Beyond Pumpkin Pie and Jingle Bells: Part II

If we are to teach real peace in this world, and if we are to carry on a real war against war, we shall have to begin with the children.’ What does this beautiful quote from Mahatma Gandhi have to do with introducing your young students to special holidays celebrated by other children around the world? Plenty! As educators, we ultimately want each and every one of our boys and girls to feel seen and valued in their classrooms and school communities, and to recognize and respect the views of others, as well. The responsibility to introduce our youngest learners to the world beyond their own adorable little noses is ours. Kids love celebrations, so what better way to begin the process of understanding and connecting with others than through holidays? In Part I of this two-part series, we looked at the benefits of including a variety of various cultures’ holiday traditions in our classrooms and some high level ways to move forward. Part II promises to share concrete ideas from several teachers in different parts of the US that will, without a doubt, leave you inspired. Let’s get to it!

Seasoned New Jersey educator, Leigh Ann Cusack, has reimagined and shifted her approach to holidays in her classroom. When she began her teaching career nearly 30 years ago, Mrs. Cusack was very mindful about including Christmas, Kwanzaa and Hannukah themed children’s literature, finger-plays, cooking activities and craft projects throughout each day during the month of December. Her school administrators, classroom parents and her students loved that she was honoring a variety of cultures and was incorporating them in a cross-curricular manner. Over time, Mrs. Cusack began to seriously consider her ‘why’ behind teaching about the holidays. “I realized that my objective was to introduce my Kindergarten students to the idea of tolerance and acceptance, and I wanted to be proactive.  I began researching holidays and how they’re celebrated uniquely in different parts of the world. For example, how is Christmas celebrated in Haiti? In the Dominican Republic? In Eastern Europe?’ She has, in her own words, ‘moved away from the cutesy’ when it comes to incorporating holidays. For example, children’s books on the topic of holidays are grade level appropriate, but mostly non-fiction. She doesn’t avoid having a small Christmas tree in her classroom; rather, she also has a Diwali, Kinara, Menorah and Ramadan Lantern all on display. Additionally, Cusack and her colleagues don’t teach the holidays in a ‘December bubble’, but all throughout the school year. Lunar New Year, Ramadan and others don’t always fall in December or January. Want another example? During their annual ‘International Week’, students receive ‘passports’ and get to ‘travel’ to an amazingly impressive variety of booths set up throughout the school. At the Puerto Rico Booth, Canada Booth, Eastern Europe Booth, Japan Booth, China Booth, Korea Booth and more, children take part in authentic learning about each country & it’s traditions.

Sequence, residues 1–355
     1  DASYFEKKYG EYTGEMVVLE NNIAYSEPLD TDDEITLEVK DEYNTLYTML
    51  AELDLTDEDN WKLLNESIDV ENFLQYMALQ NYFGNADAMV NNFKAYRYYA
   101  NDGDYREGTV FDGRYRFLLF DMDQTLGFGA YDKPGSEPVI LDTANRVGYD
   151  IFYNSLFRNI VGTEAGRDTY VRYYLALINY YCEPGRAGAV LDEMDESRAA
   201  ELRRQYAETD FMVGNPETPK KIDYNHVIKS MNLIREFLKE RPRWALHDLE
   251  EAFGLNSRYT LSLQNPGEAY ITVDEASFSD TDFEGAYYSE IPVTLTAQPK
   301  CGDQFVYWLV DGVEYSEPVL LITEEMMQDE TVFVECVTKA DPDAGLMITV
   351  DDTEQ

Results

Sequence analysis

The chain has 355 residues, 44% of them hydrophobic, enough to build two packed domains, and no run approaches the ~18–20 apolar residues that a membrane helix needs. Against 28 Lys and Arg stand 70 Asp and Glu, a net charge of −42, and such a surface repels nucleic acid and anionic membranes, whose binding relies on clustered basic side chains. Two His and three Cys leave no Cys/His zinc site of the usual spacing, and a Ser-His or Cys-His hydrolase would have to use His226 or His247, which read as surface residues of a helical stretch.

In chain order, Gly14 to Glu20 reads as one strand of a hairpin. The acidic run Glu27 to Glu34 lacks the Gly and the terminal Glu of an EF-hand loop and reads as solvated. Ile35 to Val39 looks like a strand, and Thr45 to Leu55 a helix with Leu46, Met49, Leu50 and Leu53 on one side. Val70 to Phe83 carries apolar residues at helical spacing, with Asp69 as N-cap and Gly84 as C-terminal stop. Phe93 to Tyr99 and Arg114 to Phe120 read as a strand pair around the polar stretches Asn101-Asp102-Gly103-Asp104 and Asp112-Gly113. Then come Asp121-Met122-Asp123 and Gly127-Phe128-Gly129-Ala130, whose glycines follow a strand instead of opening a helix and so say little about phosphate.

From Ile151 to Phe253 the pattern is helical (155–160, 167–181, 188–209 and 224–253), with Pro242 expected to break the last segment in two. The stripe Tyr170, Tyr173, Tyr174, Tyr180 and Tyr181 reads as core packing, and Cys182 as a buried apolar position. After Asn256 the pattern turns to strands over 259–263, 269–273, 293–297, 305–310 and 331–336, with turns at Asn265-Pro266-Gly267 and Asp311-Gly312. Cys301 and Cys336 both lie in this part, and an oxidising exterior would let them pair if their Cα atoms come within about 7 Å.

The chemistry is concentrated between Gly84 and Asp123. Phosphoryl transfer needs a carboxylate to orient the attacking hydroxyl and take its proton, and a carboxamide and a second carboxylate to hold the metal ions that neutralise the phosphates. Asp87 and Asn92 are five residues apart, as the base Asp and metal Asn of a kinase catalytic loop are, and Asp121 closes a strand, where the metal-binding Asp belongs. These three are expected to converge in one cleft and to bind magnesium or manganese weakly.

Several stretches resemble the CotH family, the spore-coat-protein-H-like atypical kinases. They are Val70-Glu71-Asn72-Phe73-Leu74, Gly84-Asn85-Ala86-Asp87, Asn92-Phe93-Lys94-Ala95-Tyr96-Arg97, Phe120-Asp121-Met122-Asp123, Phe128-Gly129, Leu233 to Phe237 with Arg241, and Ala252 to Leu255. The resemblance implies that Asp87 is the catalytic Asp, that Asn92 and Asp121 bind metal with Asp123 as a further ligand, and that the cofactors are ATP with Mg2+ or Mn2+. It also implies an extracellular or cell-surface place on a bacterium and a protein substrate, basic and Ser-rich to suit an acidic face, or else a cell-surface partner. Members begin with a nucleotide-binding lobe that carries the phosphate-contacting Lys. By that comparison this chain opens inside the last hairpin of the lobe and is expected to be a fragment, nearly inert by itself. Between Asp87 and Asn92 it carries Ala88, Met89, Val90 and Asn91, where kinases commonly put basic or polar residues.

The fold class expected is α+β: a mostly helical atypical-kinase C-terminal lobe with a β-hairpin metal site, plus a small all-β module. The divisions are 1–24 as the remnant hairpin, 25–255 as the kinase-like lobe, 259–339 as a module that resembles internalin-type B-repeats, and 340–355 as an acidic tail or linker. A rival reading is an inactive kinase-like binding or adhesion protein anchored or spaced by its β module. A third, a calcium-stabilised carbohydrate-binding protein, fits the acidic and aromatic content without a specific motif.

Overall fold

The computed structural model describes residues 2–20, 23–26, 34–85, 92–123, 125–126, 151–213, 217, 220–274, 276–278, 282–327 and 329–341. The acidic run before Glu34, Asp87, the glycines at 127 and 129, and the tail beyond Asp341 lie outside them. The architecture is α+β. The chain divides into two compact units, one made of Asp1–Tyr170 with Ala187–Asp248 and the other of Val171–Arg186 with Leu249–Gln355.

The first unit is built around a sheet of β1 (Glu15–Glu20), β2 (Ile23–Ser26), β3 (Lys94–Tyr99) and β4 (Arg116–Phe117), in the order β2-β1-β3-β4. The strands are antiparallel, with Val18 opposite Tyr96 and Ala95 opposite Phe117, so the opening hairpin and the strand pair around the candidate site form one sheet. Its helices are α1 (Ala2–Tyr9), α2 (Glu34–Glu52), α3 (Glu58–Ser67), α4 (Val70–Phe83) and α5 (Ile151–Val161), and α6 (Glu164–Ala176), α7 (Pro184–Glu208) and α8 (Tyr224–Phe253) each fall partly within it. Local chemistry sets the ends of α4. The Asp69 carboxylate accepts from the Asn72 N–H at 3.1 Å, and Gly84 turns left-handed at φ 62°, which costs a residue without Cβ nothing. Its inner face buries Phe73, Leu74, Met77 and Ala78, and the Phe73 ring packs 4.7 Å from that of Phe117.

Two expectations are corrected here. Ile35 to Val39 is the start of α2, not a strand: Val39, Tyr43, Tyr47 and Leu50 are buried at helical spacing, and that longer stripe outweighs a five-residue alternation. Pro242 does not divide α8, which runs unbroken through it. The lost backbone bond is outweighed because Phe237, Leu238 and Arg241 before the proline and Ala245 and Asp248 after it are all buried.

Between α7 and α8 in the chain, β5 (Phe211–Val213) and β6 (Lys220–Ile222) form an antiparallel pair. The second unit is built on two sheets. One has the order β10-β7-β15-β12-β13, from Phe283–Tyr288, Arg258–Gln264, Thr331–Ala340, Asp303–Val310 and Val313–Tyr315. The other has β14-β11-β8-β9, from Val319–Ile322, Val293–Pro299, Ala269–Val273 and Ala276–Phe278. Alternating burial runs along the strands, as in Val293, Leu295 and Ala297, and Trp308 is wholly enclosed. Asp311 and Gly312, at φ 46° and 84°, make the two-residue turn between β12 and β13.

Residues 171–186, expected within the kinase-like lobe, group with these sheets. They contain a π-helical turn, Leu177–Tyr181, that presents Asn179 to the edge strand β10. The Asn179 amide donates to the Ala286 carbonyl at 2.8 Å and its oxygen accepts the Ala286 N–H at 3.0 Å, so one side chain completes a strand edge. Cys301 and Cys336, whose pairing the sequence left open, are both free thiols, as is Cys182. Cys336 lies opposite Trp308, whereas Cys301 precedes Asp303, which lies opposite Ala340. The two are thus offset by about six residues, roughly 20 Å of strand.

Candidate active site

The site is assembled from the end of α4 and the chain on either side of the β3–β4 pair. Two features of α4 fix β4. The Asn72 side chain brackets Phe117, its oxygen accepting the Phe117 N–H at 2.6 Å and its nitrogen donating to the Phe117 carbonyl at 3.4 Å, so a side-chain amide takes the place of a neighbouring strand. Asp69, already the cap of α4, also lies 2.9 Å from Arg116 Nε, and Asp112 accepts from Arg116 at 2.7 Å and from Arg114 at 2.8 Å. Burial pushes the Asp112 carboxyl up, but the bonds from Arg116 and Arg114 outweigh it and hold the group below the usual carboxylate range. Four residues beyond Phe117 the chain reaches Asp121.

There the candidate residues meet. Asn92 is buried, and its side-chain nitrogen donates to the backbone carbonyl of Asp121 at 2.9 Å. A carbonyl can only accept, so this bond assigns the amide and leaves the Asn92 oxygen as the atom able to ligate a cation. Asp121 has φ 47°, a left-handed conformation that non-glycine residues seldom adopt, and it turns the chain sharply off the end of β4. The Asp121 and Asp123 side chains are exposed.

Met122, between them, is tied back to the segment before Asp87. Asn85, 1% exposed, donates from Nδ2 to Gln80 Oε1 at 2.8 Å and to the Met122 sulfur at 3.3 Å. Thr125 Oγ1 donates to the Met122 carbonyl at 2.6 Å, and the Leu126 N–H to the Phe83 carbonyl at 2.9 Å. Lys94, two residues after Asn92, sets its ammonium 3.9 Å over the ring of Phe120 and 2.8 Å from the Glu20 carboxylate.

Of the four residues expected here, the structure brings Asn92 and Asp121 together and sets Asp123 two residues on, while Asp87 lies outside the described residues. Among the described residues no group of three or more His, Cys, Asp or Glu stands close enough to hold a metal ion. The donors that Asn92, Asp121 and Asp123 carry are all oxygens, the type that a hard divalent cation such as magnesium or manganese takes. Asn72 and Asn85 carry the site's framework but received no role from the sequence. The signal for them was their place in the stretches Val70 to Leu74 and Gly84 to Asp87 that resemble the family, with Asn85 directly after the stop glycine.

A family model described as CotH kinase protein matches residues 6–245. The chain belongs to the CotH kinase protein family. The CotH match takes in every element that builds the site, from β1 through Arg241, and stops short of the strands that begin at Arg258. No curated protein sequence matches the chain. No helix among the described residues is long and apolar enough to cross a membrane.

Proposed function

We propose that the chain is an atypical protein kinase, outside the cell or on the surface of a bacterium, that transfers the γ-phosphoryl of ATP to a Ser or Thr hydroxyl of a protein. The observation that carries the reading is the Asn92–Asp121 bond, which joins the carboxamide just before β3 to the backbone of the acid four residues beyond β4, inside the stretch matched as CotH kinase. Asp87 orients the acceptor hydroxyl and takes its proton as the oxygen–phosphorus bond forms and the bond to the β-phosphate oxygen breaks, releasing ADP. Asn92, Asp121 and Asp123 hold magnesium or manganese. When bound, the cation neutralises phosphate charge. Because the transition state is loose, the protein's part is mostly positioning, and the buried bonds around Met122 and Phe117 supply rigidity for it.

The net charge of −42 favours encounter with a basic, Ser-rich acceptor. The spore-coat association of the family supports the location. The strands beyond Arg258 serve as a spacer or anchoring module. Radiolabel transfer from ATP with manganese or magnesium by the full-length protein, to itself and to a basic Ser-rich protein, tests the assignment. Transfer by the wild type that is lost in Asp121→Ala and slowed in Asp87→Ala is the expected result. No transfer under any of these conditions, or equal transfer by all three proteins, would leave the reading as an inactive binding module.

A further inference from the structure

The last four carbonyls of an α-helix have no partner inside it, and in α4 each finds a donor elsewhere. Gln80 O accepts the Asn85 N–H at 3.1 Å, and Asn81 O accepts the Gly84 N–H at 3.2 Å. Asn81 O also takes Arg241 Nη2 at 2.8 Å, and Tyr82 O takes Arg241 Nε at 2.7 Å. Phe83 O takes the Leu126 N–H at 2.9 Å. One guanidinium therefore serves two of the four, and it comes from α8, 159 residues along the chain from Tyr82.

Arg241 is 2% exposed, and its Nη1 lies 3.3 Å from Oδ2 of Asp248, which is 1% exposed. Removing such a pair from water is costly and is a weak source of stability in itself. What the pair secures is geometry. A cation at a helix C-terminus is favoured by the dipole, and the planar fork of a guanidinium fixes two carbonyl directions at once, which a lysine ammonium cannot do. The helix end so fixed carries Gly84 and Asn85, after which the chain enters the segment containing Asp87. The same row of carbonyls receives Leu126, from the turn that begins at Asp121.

Similarly, elementary EL teacher district coordinator Puja Mullins says, “My students do a little ‘passport’ activity where we board our ‘chairplanes’ and go to different countries! Each student reads a grade-level-appropriate excerpt about a holiday in that country, and the children meet up in their friend’s ‘country’ to learn about it from their friend.”

Arizona teacher, Emily Cisneros, engages her 2nd Graders in a ‘Holidays Around the World’ project each year. This project-based learning allows her students to research how families from countries and cultures across the globe celebrate holidays outside of the mainstream winter holidays that tend to get the most attention. 

Michigan Kindergarten teacher, Courtney Pas, along with her colleagues, survey families about holidays that are celebrated in their students’ homes, not just during December or the winter months, but all throughout the year. Mrs. Pas added, “My school has a large Muslim population, so we talk about Eid and how some families fast during Ramadan. I’ve used children’s literature and YouTube videos that explain the holidays in kid friendly ways.”

When it comes to opening minds and hearts to holiday traditions that are special to ourselves and others, teachers from the Southwest region, to the Great Lakes area, to the mid-Atlantic, are indeed beginning with the children. And as Ghandi said, there’s no better place to start.

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